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Young Girl Inspires New Law To Help Fight Bullying In Schools

NBC-LA | Inspired by a young girl's battle with bullying, Assembly Member Mike Eng helped pass an anti-bullying law in California

With the abuse of school children making headlines, it’s easy to forget that another kind of abuse – bullying– is also prevalent.

But in California, one young girl's battle with bullying has helped turn the tide by introducing a new law that helps fight this kind of abuse.

Tabitha Bowles, 15, was once suicidal and for nearly four years she was the victim of bullying at school. Today she is an inspiration for the anti-bullying bill that Gov. Jerry Brown recently signed into law.

It all started in sixth grade, when Tabitha was 10 years old. Her mom, Isela, noticed the warning signs just in time.

Still, Tabitha said she finds it difficult to erase the past.

"I was in total shock, like, what really just happened? I turned around and I saw the girls that were standing there next to the boy who threw the rock at me and they were standing there laughing," she said.

Tabitha’s ordeal inspired another bullying victim — Assembly Member Mike Eng of San Gabriel Valley — to take action.

Growing up in an immigrant family, Eng was subject of constant bullying in school so severe that he still finds it surprising that he even graduated from high school.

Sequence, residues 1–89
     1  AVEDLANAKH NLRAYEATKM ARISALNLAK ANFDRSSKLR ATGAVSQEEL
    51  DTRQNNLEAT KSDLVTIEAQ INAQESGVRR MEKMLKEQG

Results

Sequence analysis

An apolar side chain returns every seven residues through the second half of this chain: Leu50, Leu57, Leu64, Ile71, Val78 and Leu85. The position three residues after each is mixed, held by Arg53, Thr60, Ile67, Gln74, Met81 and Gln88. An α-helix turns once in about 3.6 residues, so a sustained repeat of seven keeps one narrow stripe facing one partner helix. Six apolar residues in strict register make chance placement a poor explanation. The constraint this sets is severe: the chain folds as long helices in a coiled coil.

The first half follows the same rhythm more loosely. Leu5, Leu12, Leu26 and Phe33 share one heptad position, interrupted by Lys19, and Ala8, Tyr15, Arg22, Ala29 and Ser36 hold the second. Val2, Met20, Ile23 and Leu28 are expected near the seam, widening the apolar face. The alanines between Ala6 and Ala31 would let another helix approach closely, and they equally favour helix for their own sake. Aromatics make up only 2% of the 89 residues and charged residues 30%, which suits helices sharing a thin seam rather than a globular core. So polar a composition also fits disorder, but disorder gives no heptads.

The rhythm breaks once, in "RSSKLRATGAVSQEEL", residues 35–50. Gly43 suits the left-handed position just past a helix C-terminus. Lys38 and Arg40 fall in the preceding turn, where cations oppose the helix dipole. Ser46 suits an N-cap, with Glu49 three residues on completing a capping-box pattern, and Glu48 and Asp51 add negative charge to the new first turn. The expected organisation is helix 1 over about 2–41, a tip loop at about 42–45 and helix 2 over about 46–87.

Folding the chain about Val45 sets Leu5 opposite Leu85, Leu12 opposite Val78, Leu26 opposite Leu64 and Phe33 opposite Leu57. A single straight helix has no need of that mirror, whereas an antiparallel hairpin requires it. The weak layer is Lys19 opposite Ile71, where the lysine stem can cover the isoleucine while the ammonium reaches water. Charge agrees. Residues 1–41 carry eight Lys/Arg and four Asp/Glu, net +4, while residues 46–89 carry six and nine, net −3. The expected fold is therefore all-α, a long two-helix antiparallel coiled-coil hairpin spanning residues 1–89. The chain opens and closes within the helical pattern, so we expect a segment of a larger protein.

"I never thought I would even pass sixth grade," he said. "In my juvenile mind, I thought someone has to come and save me from all of this, but there was no one."

According to Eng, a counselor finally noticed the signs and intervened.

Inspired by Tabitha’s experiences, he sponsored this bill to save other victims.

Eng said different schools in California already have programs that address bullying issues, but this law would create a uniform approach that promotes a zero tolerance approach to bullying.

"I would like to see programs that involve students to articulate what it is to look for," Eng said. "Young people will tell you that bullying starts off by very subtle ways by which the perpetrators are careful of not leaving any marks."

The new law does three things: it defines bullying as an abuse; it provides training for teachers, parents, and students to recognize the symptoms of bullying; and it allows the victims to be transferred to another school.

"Because too often the perpetrator is transferred out or suspended, but his or her buddies and gang members are left behind and will punish the poor victim even worse," Eng said.

For a long time, Tabitha’s parents tried to get her transferred to a safer school environment. But it took the passage of this bill to finally accomplish that.

"There were so many people who could have helped us, but refused to," Isela said. "It was beyond my comprehension, because after all we were talking about a child."

One out of three American children is at risk of being bullied even before they’ve reached the seventh grade, Eng said, adding that this issue has much larger social affects.

"This is a child who can be the next president, the next scientist who discovers the cure for cancer, the child who becomes the next governor or legislator," Eng said. "But none of these are possible, because the only thing the child is thinking about is to stay alive for that day."

Tabitha, with the help of her older sister Tiffany, has started a foundation to help support bullying victims. Both sisters recently won an award that recognized their work as young leaders.




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